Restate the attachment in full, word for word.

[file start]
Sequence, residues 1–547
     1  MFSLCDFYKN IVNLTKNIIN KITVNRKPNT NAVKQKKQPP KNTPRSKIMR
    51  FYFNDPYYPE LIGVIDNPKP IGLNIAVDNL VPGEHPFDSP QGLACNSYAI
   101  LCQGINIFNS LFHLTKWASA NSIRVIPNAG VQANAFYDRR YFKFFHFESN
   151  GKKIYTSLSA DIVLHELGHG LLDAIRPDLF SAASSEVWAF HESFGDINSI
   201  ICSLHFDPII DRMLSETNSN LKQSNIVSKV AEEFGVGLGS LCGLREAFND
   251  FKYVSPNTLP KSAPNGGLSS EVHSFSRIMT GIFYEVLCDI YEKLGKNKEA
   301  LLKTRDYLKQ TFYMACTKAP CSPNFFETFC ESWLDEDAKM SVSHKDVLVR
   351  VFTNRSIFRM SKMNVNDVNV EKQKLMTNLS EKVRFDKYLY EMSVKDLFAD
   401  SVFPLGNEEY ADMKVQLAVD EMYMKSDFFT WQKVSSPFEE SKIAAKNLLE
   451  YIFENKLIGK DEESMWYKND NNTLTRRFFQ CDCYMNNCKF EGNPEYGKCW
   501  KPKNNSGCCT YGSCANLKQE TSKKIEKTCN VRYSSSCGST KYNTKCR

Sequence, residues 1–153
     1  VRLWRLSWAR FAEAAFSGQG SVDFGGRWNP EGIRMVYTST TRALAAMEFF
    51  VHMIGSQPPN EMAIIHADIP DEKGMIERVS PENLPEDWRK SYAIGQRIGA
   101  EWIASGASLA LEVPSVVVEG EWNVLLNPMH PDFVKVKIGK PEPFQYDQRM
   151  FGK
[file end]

Sequence, residues 1–547
     1  MFSLCDFYKN IVNLTKNIIN KITVNRKPNT NAVKQKKQPP KNTPRSKIMR
    51  FYFNDPYYPE LIGVIDNPKP IGLNIAVDNL VPGEHPFDSP QGLACNSYAI
   101  LCQGINIFNS LFHLTKWASA NSIRVIPNAG VQANAFYDRR YFKFFHFESN
   151  GKKIYTSLSA DIVLHELGHG LLDAIRPDLF SAASSEVWAF HESFGDINSI
   201  ICSLHFDPII DRMLSETNSN LKQSNIVSKV AEEFGVGLGS LCGLREAFND
   251  FKYVSPNTLP KSAPNGGLSS EVHSFSRIMT GIFYEVLCDI YEKLGKNKEA
   301  LLKTRDYLKQ TFYMACTKAP CSPNFFETFC ESWLDEDAKM SVSHKDVLVR
   351  VFTNRSIFRM SKMNVNDVNV EKQKLMTNLS EKVRFDKYLY EMSVKDLFAD
   401  SVFPLGNEEY ADMKVQLAVD EMYMKSDFFT WQKVSSPFEE SKIAAKNLLE
   451  YIFENKLIGK DEESMWYKND NNTLTRRFFQ CDCYMNNCKF EGNPEYGKCW
   501  KPKNNSGCCT YGSCANLKQE TSKKIEKTCN VRYSSSCGST KYNTKCR

Sequence, residues 1–153
     1  VRLWRLSWAR FAEAAFSGQG SVDFGGRWNP EGIRMVYTST TRALAAMEFF
    51  VHMIGSQPPN EMAIIHADIP DEKGMIERVS PENLPEDWRK SYAIGQRIGA
   101  EWIASGASLA LEVPSVVVEG EWNVLLNPMH PDFVKVKIGK PEPFQYDQRM
   151  FGK